Watched Jun 25, 2012
After a series of increasingly awful movies (Their Wizard of Oz is very close to my bottom ten of all time) the Muppets return to their roots. Along for the ride are Amy Adams, Jason Segel and Jack Black (who is very funny as the reluctant celebrity guest host).
Schmaltz and sentimentality are important parts of the Muppet experience, and in this restart of the franchise a lot of the movie is built around the expectation that the Muppets are beloved, but forgotten by the public. The moviemakers want the joy of rediscovery to be foremost in the audience's minds, and this is peppered with a thin narrative, a couple of Oscar-quality songs and the occasional GREAT gag.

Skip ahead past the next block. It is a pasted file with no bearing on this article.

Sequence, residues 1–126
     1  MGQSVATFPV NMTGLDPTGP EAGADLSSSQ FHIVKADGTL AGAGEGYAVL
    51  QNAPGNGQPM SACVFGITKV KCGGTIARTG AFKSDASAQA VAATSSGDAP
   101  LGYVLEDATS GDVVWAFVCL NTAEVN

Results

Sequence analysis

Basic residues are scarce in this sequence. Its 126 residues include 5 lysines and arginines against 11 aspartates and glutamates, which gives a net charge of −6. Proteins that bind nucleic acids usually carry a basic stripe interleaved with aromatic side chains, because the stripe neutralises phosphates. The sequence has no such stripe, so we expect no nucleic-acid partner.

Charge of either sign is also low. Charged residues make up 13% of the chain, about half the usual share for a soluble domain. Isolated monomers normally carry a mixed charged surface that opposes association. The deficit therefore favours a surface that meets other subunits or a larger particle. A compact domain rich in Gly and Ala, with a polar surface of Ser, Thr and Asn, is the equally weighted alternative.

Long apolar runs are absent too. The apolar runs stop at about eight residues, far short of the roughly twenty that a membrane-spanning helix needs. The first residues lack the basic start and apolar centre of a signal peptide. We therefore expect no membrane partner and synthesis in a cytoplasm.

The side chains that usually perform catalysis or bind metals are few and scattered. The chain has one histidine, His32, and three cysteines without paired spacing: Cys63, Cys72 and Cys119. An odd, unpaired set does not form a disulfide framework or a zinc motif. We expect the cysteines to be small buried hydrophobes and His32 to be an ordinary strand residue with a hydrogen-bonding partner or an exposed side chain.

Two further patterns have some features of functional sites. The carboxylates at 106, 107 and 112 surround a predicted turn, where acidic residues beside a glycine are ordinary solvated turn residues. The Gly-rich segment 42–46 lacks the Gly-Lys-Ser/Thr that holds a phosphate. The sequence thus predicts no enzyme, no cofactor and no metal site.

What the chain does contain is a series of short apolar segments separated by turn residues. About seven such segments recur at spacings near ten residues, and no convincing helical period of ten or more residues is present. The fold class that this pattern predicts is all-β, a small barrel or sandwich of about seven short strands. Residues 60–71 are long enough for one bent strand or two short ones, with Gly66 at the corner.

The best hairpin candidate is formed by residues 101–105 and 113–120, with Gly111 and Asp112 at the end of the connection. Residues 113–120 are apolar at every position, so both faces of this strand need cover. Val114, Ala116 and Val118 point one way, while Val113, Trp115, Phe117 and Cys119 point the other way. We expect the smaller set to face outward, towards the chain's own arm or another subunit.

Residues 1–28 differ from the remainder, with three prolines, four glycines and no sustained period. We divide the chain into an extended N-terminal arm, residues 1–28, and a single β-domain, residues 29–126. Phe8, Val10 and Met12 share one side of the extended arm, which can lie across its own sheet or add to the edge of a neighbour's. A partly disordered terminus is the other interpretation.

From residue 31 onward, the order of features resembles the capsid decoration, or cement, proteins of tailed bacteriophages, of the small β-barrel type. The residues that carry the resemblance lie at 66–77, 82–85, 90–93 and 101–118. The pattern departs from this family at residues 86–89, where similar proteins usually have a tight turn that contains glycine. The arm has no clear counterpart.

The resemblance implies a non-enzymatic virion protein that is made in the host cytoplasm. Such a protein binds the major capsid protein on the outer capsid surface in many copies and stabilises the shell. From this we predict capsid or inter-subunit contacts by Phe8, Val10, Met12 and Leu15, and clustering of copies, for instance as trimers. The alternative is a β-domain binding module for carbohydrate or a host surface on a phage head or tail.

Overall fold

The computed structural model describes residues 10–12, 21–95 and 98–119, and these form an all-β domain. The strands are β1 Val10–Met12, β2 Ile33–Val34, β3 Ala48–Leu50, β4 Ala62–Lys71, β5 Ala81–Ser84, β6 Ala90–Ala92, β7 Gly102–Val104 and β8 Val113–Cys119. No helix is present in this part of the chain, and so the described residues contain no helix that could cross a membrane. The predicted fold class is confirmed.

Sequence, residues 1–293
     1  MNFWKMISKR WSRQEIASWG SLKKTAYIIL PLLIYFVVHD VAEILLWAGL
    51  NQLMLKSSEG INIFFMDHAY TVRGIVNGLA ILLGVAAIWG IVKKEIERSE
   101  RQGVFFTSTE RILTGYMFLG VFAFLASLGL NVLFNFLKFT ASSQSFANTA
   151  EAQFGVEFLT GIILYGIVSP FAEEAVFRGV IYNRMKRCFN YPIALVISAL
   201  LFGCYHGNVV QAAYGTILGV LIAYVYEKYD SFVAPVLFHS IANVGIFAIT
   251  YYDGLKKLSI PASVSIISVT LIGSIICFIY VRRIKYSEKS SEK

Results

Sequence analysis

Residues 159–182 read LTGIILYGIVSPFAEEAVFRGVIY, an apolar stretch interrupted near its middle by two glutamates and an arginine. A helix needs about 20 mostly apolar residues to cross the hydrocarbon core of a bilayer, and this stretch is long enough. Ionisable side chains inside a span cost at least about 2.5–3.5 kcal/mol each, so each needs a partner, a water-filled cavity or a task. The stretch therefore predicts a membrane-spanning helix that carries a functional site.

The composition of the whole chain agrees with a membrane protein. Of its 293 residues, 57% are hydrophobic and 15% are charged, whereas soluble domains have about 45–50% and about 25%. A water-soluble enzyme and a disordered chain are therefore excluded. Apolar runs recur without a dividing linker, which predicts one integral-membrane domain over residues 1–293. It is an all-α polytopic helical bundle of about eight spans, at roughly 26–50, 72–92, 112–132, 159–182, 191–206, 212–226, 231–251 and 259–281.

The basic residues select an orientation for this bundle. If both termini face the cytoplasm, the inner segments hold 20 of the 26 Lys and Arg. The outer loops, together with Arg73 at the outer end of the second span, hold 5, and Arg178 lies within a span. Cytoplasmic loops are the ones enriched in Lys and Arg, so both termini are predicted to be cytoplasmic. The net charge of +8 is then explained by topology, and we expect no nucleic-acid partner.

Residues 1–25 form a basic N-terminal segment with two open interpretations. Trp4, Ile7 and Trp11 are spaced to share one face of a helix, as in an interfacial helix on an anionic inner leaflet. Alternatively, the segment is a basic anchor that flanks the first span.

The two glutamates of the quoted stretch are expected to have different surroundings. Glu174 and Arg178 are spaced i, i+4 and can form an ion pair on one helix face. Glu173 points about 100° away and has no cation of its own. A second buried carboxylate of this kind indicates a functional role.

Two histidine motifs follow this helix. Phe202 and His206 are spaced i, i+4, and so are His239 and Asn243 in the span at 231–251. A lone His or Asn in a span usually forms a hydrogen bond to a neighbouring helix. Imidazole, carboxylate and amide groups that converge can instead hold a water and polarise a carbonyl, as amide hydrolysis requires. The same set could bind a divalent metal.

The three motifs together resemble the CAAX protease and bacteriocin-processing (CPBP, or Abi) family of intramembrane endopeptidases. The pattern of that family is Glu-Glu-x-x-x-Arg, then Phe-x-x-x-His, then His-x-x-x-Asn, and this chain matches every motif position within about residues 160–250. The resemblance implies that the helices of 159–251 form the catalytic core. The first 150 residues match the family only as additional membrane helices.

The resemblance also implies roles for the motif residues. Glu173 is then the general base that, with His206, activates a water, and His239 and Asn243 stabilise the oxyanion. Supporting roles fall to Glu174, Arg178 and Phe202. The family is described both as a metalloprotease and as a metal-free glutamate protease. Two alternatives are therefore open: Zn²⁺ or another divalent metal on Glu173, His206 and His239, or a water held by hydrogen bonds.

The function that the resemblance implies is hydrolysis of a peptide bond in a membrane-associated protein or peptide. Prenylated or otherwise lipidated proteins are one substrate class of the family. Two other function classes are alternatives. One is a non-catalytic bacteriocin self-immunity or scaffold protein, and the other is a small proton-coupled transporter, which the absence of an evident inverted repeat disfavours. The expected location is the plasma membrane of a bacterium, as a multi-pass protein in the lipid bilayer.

It's a very clever package, but I have a feeling that the generation or two who've grown up since the Muppets' heyday would appreciate more of the anarchy and madness of the original series. And TRUE muppet fans (like me) who've watched the old shows quite recently will wonder why there isn't more Swedish Chef madness, Monsters feeding on each other, Beaker being tortured and Gonzo torturing himself. All the sentimentality feels a bit hollow without the insanity.
Great versions of "Smells like Teen Spirit" and "Fuck You", though.